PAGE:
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Boreal Community Media

Recent wolf attacks on dogs raise concerns in Ely area

Feb 27, 2021 11:36AM ● By Editor
Photo: MPR News

By Keith Vandervort from the Tower Timberjay - February 25, 2021

A dog out for a run with its owner near Burntside Lake last Thursday had an encounter with a wolf after the dog ran into the woods. The dog sustained injuries that required surgery.
The dog’s owner reported the incident to the Department of Natural Resources according to Chad Richardson, communications director for the International Wolf Center.

A second encounter occurred last Friday around noon on Little Long Lake with what was believed to be the same pack of wolves, Richardson said. Local residents Russ and Cathy Vanderboom reported their dog was involved in the second encounter. 

“Just before noon, I took our dog for a run on the lake,” Cathy Vanderboon said. “As I watched from the dock (and) our dog ran around the bay, I saw a large light-colored wolf coming off the point, about 100 yards from me and the same distance from our dog. A second black wolf was further south on the lake, several hundred yards away. I blew the dog whistle, and our dog came in. I continued blowing the whistle loud and long until the wolf moved off.” 
Russ Vanderboom said he found two deer kill spots about 100 yards south of the couple’s house, and at least four sets of wolf tracks coming from the west across Little Long from Burntside Lake.

Lori Schmidt, Wolf Curator at the International Wolf Center, manages the wolf helpline, a resource for local residents to report wolf issues and receive advice and consultations with local wildlife management agencies.

“While wolves are typically territorial toward other canids, they may have an increased response to dogs during the breeding season in late February through early March, as well as after the pups are born later this spring while denning and in summer when raising pups,” she said.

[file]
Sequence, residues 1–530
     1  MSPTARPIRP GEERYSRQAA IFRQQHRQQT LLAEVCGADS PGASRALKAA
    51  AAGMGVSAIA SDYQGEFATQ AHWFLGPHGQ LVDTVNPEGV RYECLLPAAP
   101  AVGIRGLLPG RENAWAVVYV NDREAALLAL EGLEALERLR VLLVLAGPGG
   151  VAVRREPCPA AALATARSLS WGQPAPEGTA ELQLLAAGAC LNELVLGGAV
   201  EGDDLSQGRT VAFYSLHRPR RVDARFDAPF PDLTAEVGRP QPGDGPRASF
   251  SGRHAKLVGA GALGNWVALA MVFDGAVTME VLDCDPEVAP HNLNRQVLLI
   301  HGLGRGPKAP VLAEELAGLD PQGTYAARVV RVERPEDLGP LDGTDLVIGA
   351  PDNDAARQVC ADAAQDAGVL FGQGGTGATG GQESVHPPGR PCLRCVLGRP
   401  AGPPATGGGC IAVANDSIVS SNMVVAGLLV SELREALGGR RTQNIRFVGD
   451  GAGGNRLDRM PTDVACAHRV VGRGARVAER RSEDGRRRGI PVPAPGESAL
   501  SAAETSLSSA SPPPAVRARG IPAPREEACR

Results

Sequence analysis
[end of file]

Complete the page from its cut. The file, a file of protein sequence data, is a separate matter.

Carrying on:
“This winter may have an additional challenge due to snow depth.  A winter with limited snow can be good for deer as they have an easier time eluding wolves, but obviously, hungry wolves can be more bold in behavior,” Schmidt added.

“Wolves can be drawn to areas where people may be feeding deer or other wildlife because of the potential for concentrations of prey and increased opportunities to kill deer. Occasionally they’re attracted to the food source that people are providing other wildlife or pets as well,” Schmidt said. 

What to do
Although attacks of dogs may be rare it is easy for these situations to develop quickly and happen unexpectedly. “It’s best to be cautious when recreating in areas where your dog may encounter wolves,” Schmidt advised. She offered safety recommendations for dogs and people for living and recreating in wolf country.
  • People with pets should avoid areas where wolves have been sighted until time passes or no additional wolf observations/incidents occur.
  • Keep dogs on leash, so wolves are less likely to approach people.
  • Don’t allow dogs to run loose or range away and keep them in close contact and control.
  • Don’t try to intervene if a dog is actively being attacked.
  • Carry bear/pepper spray. It can be used to deter an attack or if a wolf is actively attacking a dog.  
To see the original article and read related outdoors reporting, follow this link to the Tower Timberjay website.,17385
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